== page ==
Half a dozen cars might have been bearable.
But residents of Dakota Road in Hampstead say the number has grown over the past few months to more than 50 vehicles from nearby North Carroll High School regularly parked along the street. About a dozen neighbors attended a town council meeting this week to complain about speeding, swearing, garbage and noise they say is creating a nuisance and a safety hazard.
Charles Cassetta said the teen motorists are disrespectful to residents and frequently leave soda cans, fast-food wrappers - and in one case, a box of buck-shot shells - on the ground.
"With the trash that's on the street, our property value is going to go down," Cassetta said. "It'd be very difficult for us to sell in that situation."
Michele Barlow said the presence of inexperienced drivers on a street with two licensed day care centers is a dangerous combination.
Today is the last day of classes before the summer break, but Barlow predicted that the situation will worsen next school year. She said she'll move from her home of four years if something isn't done.
"I work hard, even though I'm disabled, to have a nice home and nice things," Barlow said.
Police have sent letters to the parents of the alleged offenders, asking for support in addressing the complaints. North Carroll Principal Gary Dunkleberger said he's aware of residents' complaints but there's little he can do.
"We have no authority to prohibit students from parking there," he said.
Dunkleberger attributed the problem to a combination of development and shifting trends. When the school opened in 1975, he said, teens had less access to cars and fewer drove to school. The school now enrolls about 1,460 students, Dunkleberger said, and there's a waiting list for the 400 student parking spots.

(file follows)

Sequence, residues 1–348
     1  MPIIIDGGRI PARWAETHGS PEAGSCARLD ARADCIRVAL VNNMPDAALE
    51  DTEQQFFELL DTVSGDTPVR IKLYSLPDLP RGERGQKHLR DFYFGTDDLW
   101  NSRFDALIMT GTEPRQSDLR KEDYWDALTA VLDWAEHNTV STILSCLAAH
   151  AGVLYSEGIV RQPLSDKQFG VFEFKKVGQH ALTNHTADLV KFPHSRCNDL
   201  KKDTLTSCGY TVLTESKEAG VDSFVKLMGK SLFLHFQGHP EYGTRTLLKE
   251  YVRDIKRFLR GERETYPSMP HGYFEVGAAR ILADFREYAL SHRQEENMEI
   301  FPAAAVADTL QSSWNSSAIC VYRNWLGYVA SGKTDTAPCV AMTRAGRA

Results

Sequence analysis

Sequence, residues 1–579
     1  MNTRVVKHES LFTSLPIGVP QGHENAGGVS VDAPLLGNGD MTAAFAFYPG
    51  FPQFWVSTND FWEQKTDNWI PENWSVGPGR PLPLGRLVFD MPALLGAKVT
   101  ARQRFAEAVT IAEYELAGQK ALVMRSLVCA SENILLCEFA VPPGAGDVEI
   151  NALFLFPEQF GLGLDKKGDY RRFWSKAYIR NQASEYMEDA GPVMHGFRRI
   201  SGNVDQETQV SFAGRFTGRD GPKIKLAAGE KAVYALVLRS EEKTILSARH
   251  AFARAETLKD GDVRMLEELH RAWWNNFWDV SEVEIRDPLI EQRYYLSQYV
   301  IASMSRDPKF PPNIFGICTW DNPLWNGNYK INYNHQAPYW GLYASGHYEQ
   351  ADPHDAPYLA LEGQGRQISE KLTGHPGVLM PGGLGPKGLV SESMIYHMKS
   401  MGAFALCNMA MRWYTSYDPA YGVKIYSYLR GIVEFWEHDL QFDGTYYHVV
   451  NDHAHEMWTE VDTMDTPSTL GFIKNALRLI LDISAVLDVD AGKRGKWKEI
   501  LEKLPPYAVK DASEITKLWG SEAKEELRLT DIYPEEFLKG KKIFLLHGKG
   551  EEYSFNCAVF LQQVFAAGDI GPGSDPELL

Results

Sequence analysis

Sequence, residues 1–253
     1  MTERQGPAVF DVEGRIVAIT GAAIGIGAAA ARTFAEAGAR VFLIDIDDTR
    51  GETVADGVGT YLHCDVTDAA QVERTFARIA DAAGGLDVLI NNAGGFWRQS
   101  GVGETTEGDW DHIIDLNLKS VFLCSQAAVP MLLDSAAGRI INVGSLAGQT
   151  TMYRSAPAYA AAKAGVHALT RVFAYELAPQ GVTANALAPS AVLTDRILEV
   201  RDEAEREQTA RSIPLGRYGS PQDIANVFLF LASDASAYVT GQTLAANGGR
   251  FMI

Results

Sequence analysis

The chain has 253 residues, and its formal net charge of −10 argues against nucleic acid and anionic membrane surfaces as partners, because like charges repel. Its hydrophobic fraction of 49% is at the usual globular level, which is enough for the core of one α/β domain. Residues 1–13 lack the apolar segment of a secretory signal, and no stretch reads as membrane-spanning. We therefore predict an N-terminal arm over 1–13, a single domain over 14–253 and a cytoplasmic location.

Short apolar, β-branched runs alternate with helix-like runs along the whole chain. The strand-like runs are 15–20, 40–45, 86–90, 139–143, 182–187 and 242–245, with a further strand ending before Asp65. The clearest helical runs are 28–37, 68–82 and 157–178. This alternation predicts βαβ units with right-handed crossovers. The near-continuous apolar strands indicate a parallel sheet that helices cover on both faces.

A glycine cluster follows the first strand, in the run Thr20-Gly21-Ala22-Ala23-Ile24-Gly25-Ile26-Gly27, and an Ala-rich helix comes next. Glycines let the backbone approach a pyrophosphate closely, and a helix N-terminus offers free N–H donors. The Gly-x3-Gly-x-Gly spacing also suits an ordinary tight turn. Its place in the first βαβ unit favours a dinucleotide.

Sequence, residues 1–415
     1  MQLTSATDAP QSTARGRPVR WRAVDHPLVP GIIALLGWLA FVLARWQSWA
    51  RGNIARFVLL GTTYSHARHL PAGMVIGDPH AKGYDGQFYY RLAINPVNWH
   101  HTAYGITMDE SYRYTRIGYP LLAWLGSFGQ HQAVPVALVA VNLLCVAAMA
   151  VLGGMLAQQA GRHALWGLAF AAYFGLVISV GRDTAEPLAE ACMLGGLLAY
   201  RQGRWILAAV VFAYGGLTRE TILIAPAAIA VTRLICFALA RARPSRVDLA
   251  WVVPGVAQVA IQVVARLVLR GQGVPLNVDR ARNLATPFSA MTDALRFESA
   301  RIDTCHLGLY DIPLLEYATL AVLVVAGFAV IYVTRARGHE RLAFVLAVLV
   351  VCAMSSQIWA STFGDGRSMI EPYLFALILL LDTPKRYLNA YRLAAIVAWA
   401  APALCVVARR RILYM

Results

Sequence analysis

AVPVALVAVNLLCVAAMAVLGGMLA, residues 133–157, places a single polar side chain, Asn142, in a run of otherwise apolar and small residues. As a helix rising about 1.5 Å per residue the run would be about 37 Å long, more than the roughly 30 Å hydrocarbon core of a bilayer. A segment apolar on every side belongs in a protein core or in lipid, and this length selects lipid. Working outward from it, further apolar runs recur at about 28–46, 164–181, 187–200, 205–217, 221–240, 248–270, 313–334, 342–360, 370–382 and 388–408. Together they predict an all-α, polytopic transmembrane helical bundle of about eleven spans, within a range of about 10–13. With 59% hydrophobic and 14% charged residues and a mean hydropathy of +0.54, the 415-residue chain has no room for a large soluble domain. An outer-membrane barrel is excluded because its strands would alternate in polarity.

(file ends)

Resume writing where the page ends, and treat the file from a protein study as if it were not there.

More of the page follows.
Bus service is available to all students within the school's enrollment area, Dunkleberger said, but it isn't feasible for everyone. Parking permits are issued to students who live out of the enrollment area, are disabled, have after-school jobs, participate in extracurricular activities or academic internships, or divide time between high school and college.
Dunkleberger disputed assertions that the teens annoying Dakota residents were denied parking permits over academic or disciplinary issues, saying it's simply a matter of demand exceeding supply.
"I don't have a solution other than more parking spaces here," he said. "But the reality is there's a finite number right now."
At this week's meeting, Mayor Christopher M. Nevin said resident-only parking restrictions have been effective in another Hampstead neighborhood, but Michael Oles, president of the Shiloh Run Homeowners Association, said a more permanent solution is needed. Restricting parking on Dakota, Oles said, would only push the students onto surrounding streets, and teens would still be walking through the area on the way to school.
"This really is a school issue," Oles said. "The school is way undersized for the number of students."
Nevin suggested residents lobby the school board for funding to increase parking at the school but said any expenditure likely wouldn't come until next year since the board just approved a facilities master plan. "Whatever viable solution you come up with, you won't get any hassle from here," Nevin said. "You guys agree on a plan of action, we'll stand there with you."